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Europe is not meeting its cross-border grid connection goals, watchdog warns

(EurActiv, 16 Apr 2024) As EU energy ministers meet in Brussels to discuss grid expansion, the EU electricity market watchdog ACER warned on Friday (12 April) that Europe’s key grid connections are not sufficiently dedicated to electricity trading between neighbouring countries.

The EU’s future power grid is expected to transport, for example, solar power from Spain to Germany or Norwegian hydropower to Slovakia, when needed. To that end, the EU adopted the ‘70% rule’ in 2018  –  at least 70% of ‘interconnection’ transmission capacity must be available for cross-border electricity trading.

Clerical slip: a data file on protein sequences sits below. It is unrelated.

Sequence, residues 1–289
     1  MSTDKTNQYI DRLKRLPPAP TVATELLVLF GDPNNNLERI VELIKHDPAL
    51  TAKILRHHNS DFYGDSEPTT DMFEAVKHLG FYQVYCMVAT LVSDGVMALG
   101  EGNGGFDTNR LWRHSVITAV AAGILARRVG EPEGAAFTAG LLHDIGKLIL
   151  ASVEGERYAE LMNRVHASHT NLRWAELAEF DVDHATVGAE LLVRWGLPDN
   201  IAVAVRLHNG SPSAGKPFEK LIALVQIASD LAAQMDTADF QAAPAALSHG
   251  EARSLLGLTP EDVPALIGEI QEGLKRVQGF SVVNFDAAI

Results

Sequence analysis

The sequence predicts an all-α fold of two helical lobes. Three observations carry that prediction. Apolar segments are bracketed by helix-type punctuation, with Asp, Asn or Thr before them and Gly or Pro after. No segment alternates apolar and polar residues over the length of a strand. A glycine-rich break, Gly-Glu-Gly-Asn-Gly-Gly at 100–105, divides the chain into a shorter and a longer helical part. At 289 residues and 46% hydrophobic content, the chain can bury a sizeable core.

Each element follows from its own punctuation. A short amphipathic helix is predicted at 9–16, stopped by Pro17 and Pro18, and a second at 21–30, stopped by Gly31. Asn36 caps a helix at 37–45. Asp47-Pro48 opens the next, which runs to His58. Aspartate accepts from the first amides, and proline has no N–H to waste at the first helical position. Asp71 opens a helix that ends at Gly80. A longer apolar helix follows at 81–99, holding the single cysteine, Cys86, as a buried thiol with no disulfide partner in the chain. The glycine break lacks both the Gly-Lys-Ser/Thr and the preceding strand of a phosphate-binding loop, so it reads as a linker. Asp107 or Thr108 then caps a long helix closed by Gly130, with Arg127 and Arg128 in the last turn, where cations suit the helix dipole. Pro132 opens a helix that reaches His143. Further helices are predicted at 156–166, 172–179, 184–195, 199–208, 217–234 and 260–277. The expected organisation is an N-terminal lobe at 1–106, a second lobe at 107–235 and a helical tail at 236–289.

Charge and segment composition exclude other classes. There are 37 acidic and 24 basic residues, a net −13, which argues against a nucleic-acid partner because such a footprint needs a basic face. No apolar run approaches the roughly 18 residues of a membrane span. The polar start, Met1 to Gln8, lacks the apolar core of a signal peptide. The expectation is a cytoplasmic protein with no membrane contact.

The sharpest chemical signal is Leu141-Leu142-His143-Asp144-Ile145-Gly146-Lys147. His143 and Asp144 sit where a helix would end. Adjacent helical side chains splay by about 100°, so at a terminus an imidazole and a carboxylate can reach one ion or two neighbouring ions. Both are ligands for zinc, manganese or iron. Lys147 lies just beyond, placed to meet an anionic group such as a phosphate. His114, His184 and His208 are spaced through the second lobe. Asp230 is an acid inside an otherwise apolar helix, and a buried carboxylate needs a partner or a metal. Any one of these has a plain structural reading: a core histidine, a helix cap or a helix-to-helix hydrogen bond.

Interconnectors are wires which link together zones of Europe’s grid network that would otherwise be isolated. Often these zones correspond with the borders of a country or group of countries. As each of these zones has its own power markets, they are known as ‘bidding zones’.

From 2026, the 70% rule will become mandatory – but EU countries are far from being able to meet it, the power market watchdog agency ACER warned the European Parliament and Commissionon Friday.

The agency chief called for “structural solutions that would enable the fulfilment of this requirement in a cost-efficient and timely manner”.

The agency suggested a “potential reconfiguration of bidding zones,” additional sanctions, as well as “targeted grid developments”. 

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EurActiv, 16 Apr 2024: Europe is not meeting its cross-border grid connection goals, watchdog warns